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Automation Technologies 3/2015

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Automation Technologies 3/2015


COMPONENTS AND SOFTWARE Integrated engineering reduces errors and costs Olaf Graeser, Josef Schmelter No matter if it’s a car, a multifunctional printer, or a new control cabinet – whenever there is a new development, the first step is product engineering. Combining established standards such as AutomationML and eClass facilitates an integrated process that not only avoids errors but also reduces costs. Author: Dipl.-Inf. Olaf Graeser, Technology Development & Industrial Automation, Manufacturing Solutions; Phoenix Contact GmbH & Co. KG, Blomberg, Germany Dipl.-Ing. Josef Schmelter, Master Specialist for Classification, Product Lifecycle Management, Phoenix Contact GmbH & Co. KG, Blomberg, Germany W hen a product is developed, this is a process that entails a lot more than just one engineering software tool. More often than not, there are several tools, each optimized for different tasks. This kind of development approach is known as an engineering chain. Because the engineering tools are each dedicated to different challenges, they have their own set of rules and specialized language. As a result, the data formats of the individual tools are not compatible with each other, and they certainly do not share a semantics definition. Also, there are only very few interfaces available for interconnecting these specialized software tools. As part of the engineering process, therefore, a lot of time is spent on transferring data from one format to another. It would make a lot more sense if there were a standardized data format shared by all of the engineering tools. Neither the eClass classification standard nor AutomationML is designed to satisfy this need, which makes each of them unsuitable as a sole shared format that can be used for both storing and exchanging planning data. Taken together, however, the two standards can be integrated with each other to facilitate a cohesive engineering platform. AUTOMATION TECHNOLOGIES 3/2015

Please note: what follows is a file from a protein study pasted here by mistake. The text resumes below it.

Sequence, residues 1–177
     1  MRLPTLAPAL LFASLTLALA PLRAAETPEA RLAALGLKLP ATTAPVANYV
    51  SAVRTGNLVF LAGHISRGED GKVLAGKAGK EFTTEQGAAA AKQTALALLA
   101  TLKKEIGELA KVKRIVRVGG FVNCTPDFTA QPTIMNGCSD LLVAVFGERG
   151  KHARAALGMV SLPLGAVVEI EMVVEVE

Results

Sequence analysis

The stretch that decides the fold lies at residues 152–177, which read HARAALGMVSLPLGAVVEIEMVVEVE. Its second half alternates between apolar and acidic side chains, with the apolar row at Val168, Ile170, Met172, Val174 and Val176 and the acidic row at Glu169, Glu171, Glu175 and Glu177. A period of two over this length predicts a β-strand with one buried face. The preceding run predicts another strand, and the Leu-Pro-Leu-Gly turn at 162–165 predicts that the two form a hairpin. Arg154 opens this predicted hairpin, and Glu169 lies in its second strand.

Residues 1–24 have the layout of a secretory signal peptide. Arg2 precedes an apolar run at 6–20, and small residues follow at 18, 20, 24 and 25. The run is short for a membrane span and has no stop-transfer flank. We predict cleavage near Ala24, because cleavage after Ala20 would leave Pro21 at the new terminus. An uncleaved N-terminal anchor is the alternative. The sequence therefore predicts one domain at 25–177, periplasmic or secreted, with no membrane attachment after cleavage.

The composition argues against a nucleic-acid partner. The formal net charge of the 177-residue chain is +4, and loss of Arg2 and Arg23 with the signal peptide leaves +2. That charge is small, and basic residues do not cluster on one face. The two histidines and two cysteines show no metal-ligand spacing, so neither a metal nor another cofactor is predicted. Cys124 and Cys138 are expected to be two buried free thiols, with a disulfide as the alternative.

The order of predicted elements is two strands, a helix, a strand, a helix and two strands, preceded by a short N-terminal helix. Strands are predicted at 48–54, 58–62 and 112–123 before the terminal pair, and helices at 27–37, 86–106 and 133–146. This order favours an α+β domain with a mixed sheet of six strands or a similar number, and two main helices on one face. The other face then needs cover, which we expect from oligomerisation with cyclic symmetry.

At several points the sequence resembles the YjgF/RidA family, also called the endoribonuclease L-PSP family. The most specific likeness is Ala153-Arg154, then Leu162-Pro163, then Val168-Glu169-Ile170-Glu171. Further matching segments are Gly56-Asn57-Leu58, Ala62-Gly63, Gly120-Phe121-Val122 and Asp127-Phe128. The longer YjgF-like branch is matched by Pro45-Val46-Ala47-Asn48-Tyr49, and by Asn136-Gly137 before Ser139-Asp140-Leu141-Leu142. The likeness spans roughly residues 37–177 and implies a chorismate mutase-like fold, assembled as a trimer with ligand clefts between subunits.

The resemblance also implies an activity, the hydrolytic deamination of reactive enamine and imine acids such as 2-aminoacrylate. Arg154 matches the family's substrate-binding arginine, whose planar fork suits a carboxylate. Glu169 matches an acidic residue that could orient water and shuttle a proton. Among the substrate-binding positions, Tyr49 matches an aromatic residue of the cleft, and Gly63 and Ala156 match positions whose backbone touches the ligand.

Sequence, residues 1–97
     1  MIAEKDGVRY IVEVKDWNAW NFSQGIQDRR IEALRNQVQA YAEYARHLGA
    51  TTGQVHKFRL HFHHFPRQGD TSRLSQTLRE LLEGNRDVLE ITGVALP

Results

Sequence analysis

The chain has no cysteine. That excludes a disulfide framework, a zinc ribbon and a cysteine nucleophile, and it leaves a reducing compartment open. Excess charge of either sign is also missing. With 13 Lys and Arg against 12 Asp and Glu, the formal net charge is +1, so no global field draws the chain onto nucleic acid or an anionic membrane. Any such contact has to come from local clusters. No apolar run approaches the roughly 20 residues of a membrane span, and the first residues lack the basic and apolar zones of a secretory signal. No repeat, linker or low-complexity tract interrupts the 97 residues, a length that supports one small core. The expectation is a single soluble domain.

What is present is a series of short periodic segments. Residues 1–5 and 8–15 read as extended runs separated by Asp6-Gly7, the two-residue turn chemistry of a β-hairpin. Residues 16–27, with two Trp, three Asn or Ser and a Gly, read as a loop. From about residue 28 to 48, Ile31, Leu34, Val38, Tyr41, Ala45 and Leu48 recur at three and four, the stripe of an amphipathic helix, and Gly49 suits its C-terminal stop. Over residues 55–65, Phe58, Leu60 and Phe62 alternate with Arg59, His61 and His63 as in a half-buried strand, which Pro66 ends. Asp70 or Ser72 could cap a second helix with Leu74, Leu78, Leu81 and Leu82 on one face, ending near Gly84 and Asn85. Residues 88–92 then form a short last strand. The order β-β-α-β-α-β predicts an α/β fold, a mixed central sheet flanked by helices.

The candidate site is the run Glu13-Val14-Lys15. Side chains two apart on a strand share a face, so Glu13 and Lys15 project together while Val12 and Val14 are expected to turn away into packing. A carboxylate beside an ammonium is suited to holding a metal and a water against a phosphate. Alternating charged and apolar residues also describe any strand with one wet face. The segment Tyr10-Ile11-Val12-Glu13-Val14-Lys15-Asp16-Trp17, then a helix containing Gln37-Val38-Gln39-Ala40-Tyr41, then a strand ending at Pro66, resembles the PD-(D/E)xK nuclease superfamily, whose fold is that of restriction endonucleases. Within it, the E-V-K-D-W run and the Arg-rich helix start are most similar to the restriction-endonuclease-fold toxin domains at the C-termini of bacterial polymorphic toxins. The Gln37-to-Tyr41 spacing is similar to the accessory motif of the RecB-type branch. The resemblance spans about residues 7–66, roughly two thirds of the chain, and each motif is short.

COMPONENTS AND SOFTWARE About Company name: Phoenix Contact GmbH & Co. KG Headquarters: Blomberg, Germany Turnover: €1.77 bn (2014) Employees: 14,000 worldwide Products: Products, systems, and solutions for all aspects of electrical engineering and automation next page All engineering tools, one shared data format The engineering of a control cabinet e.g., involves creating a circuit diagram, selecting components to suit this circuit diagram, and planning the mechanical assembly as well as the wiring of the control cabinet. The sequence in which the engineering tools need to be used is often not stated explicitly but dictated by circumstance. As a first step, for example, the circuit diagram might be created using a tool that includes an interface to the product configurators of the electronic components. Later, the circuit diagram might stipulate the use of a pre-assembled terminal strip, which needs to be made known to assembly planning. The assembly planning structure, in turn, serves as a basis for the wiring layout. Interfaces for engineering chains such as this do indeed exist today; however, they usually only go in a single direction. Even very small revisions, such as exchanging a terminal block for another connection component, can cause a disproportionate amount of reworking. If there are no interfaces in place at all, the conversion of the project data can get very complicated, frequently involving manual data transfers. Also, as data passes through the various engineering tools, important details may be dropped. As a result, the detailed information from the product configurators often fails to make it through to the wiring planning stage. It would therefore be beneficial if all engineering tools were using the same data format. This way, there would be no need for format conversions and the data loss these often entail. A shared format would also make it easier for data to exit the engineering chain. However, a shared data format necessitates a uniform definition of all the aspects included in the chain – a so-called semantics definition. If this does not exist, it may be that the tools cannot talk to each other even though they share the same data format. Precise article description AutomationML is an XML-based exchange format for engineering data that brings together other existing data formats. CAEX (Computer Aided Engineering Exchange) acts as the outer bracket to map the system’s topology; from there, other standardized formats such as Collada (Collaborative Design Activity) and PLCopen XML can be referenced. Originally, AutomationML was only intended for describing plants and systems. However, the format was soon also found to be useful for describing the articles produced by the plants. With an article description scheme as precise as this one, it is possible to develop intelligent technical systems such as those currently being planned in the context of Industry 4.0. These systems can independently identify the manufacturing stations required for producing the article. Phoenix Contact is therefore deploying AutomationML as part of its AWaPro top cluster project (Automation for Adaptable Production Technology). 01 CAEX serves as the core format within AutomationML’s format architecture; from here, other formats such as Collada and PLCopen XML can be referenced AUTOMATION TECHNOLOGIES 3/2015


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